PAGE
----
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Archaeologist Ady Roxburgh receives two-year research grant from the Estonian Research Council

Ady Roxburgh has been awarded a two-year grant to continue his research into the choices behind the composition of Roman, copper-alloy artefacts. The Estonian Research Council has awarded him a fully funded Mobilitas Pluss postdoctoral grant. The Evaluation Committee decided to fund the first 5 applications across all scientific disciplines. Ady Roxburgh's application was ranked 2nd.

The influence of Roman metal exports on eastern Baltic communities

The rise of the Roman Empire brought about profound social changes to large parts of Europe, including a vast increase in the production and trade of artefacts and raw materials, greatly influencing the lives of the people living inside the Empire and its frontiers. But much less is known about the impact of long- distance contact with peoples living far outside these frontiers. The eastern Baltic is such a region, where certain aspects of this past event may still be studied.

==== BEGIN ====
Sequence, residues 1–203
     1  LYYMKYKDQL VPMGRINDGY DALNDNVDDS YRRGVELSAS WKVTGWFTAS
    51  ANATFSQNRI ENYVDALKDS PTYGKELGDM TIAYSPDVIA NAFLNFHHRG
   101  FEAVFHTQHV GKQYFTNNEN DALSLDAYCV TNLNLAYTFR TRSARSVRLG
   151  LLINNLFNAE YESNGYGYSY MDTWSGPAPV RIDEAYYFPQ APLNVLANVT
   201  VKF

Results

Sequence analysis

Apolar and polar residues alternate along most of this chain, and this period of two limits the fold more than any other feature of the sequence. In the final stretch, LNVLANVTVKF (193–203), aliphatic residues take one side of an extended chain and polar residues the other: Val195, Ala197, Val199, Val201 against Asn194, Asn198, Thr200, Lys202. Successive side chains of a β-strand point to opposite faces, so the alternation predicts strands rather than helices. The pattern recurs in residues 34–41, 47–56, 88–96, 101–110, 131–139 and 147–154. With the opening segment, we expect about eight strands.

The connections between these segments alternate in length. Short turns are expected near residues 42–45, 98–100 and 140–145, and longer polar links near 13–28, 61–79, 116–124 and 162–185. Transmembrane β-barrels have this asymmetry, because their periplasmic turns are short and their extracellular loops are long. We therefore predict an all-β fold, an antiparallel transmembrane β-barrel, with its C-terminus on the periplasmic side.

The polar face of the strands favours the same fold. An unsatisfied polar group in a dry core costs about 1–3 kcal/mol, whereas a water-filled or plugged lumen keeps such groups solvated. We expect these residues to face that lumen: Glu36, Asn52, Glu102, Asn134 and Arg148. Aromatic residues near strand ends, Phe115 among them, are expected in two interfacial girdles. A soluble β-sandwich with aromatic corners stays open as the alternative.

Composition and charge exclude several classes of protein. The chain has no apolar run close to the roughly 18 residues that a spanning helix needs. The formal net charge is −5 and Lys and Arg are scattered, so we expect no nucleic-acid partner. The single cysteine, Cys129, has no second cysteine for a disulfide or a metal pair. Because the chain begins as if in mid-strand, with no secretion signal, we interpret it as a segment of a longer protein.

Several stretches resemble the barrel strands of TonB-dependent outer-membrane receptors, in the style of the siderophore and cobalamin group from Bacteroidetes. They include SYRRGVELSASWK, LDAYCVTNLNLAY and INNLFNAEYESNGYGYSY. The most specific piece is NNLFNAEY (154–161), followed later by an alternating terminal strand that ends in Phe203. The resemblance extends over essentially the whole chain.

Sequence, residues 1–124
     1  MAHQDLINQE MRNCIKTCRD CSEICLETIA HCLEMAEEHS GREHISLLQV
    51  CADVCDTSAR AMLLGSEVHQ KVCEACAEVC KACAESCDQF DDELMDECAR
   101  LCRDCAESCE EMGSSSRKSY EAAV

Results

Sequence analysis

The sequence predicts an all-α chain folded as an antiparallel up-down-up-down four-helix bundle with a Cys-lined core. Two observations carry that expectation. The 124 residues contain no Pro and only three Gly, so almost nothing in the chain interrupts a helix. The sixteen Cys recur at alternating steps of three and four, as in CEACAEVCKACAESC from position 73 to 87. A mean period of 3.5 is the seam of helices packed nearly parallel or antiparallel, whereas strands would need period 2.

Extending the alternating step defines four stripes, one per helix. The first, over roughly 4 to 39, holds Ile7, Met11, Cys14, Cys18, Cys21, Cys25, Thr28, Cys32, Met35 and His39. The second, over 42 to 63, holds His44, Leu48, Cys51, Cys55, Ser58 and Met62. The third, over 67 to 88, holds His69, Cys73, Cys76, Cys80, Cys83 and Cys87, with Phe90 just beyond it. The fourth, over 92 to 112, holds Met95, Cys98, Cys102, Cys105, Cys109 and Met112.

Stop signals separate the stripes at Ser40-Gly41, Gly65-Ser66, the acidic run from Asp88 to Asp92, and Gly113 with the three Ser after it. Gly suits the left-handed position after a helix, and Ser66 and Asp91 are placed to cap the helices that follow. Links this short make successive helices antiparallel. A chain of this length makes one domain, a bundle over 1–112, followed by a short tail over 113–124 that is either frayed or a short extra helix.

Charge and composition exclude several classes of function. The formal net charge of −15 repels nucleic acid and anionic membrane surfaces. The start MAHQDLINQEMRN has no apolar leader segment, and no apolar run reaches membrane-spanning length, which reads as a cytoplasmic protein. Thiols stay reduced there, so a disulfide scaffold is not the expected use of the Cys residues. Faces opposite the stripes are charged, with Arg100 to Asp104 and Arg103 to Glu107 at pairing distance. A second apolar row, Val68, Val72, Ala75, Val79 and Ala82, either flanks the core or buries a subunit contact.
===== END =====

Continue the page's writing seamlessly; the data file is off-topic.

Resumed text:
Roman influence is very apparent on the metal personal costume ornaments found here. How and why did these items enter the region, especially in terms of their adoption and ongoing adaptation by local societies? Were goods produced in the Roman provinces really reaching the northern Baltic? Or are they local copies? This important new research investigates whether these past societies were in much closer contact than previously thought, offering fresh perspectives on their place in a global history.  

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